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Our identity


Published: Sep 18, 2013

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Dear Editor,

How many Bahamians know which tribe their ancestors are possibly from, or which form of religion their ancestors may have practiced? (No, it wasn’t Christianity.)

Chinese, Indians, Native Americas and even South Americans (Mayans) and many others have such a rich and long history to draw from – much of it predates biblical history – in terms of who they are and where they came from. This provides a psychological foundation that most Bahamians could never relate to – a sense of self.

By the age of five most Bahamian children can recite scripture after scripture and know most of the biblical characters and overall story of the Bible. On the other hand, most Bahamian adults know very little to nothing about their African heritage and history and the journey their forefathers endured. This is deceivingly unhealthy for a people.

Somewhere along the line our history was erased and conveniently replaced with Biblical history. I think many of us know when this happened and the motives surrounding the move. The best way to enslave a people for long periods of time is to remove their sense of self. Remove the things that make them who they are. It appears that ever since the Bible was literally forced in the hands of our forefathers we never looked back.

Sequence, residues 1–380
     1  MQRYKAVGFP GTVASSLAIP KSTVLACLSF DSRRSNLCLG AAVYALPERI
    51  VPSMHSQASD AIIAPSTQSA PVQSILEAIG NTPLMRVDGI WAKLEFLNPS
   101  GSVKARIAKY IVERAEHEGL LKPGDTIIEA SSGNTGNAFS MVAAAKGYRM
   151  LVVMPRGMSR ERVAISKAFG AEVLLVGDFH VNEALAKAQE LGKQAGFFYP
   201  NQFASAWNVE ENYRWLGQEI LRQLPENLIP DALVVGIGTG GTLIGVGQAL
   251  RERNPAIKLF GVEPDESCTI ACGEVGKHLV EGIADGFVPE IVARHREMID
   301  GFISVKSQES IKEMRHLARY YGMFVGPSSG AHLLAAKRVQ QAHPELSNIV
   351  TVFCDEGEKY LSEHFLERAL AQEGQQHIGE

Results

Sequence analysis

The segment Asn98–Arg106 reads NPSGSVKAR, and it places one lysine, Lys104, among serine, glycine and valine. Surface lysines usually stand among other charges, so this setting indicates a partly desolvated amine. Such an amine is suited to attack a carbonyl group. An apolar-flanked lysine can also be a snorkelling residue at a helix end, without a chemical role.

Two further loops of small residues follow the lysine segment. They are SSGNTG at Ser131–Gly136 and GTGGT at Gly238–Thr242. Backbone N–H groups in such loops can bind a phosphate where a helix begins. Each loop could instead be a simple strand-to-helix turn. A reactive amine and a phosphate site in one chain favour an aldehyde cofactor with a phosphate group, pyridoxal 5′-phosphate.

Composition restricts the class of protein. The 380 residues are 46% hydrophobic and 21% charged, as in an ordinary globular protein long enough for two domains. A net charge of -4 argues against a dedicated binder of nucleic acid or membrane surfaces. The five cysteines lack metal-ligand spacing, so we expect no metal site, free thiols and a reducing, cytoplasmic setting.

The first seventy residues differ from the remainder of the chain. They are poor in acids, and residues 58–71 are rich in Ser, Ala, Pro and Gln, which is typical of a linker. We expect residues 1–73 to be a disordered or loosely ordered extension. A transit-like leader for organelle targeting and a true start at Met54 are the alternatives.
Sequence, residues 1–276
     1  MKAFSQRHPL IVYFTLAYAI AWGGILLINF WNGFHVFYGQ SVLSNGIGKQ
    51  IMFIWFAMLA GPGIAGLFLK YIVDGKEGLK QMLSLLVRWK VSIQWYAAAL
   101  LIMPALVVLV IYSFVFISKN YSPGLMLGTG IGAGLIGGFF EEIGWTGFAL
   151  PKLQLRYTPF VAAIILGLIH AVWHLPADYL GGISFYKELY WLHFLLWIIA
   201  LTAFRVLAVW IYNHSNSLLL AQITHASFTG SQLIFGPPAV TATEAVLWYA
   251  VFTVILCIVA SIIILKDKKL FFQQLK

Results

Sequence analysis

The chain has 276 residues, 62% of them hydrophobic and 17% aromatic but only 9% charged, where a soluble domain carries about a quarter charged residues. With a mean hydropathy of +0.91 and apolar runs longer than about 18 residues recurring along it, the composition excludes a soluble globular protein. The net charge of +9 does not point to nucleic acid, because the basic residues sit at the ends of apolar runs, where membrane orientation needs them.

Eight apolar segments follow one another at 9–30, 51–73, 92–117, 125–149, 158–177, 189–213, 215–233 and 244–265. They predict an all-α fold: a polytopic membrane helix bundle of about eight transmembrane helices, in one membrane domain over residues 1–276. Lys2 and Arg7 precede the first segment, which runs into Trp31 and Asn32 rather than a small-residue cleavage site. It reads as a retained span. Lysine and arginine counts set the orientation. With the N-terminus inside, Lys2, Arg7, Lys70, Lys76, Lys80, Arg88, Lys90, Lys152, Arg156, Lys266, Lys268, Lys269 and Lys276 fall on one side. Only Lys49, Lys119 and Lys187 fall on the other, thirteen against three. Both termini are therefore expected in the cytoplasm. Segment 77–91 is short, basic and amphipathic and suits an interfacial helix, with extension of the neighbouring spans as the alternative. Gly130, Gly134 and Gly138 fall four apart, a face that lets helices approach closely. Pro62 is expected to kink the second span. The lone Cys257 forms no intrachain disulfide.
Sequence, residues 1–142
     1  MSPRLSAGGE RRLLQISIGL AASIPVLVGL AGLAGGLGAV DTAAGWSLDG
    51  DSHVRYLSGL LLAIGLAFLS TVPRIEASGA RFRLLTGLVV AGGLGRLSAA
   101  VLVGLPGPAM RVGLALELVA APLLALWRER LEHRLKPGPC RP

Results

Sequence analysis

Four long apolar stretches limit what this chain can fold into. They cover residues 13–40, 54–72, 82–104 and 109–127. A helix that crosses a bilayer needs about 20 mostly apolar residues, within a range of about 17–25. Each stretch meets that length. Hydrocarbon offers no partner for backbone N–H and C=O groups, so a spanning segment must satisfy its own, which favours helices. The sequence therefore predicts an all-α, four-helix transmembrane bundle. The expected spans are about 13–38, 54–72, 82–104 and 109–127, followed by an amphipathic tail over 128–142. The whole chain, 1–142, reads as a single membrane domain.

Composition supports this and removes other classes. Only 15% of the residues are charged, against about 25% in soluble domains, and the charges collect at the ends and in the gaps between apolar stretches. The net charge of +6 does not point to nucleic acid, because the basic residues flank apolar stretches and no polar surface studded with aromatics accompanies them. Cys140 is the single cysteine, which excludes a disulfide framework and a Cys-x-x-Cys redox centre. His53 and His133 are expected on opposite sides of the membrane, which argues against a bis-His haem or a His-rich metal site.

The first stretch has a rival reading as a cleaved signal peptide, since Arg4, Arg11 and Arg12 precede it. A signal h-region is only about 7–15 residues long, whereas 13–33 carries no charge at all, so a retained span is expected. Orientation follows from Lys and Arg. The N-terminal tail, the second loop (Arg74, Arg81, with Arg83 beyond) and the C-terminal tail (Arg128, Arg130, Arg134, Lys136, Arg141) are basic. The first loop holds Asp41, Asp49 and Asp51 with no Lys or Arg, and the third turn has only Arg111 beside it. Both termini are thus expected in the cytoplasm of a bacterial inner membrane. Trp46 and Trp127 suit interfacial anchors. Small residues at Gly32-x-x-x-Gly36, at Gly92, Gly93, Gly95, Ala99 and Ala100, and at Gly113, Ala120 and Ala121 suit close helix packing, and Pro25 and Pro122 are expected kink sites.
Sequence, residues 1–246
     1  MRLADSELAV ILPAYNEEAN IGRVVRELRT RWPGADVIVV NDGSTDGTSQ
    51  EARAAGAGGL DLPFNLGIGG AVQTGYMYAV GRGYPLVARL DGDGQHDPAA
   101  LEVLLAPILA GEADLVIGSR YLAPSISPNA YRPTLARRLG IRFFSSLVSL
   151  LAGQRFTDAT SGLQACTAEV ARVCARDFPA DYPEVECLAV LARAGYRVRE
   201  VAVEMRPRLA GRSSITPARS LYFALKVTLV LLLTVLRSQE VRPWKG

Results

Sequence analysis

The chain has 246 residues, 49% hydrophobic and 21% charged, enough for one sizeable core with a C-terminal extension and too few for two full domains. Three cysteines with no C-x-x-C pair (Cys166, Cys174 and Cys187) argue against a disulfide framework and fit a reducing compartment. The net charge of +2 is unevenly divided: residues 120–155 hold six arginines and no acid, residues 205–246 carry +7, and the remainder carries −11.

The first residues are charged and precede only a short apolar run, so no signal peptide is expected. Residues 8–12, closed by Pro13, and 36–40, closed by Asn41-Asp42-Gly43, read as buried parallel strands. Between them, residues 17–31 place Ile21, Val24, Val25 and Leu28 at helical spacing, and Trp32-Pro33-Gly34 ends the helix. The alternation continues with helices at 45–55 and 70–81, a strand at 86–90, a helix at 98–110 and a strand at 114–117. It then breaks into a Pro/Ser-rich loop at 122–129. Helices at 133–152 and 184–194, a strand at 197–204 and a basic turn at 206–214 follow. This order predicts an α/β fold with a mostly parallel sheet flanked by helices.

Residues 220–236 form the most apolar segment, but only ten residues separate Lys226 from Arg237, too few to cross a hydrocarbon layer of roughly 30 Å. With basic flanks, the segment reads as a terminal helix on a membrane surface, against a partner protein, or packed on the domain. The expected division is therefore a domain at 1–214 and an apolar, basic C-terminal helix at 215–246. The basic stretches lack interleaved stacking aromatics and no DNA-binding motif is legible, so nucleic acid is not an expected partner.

Understandably so, our forefathers had to assimilate as a form of survival. Denying the slave master’s god and religion could have easily ended in death or other torturous punishment.

But 180 years after the abolition of slavery, and after 40 years of self-governance, why are we not learning about our true history as a people?

Why are we not teaching the younger generations in particular about their colorful and powerful past?

While biblical history and scripture may have their place, they are not replacements for one’s true history.

When will we begin to teach the five year olds who they really are and where they really came from?

– Farrell Goff

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Caribe 2016 Cleveland

 

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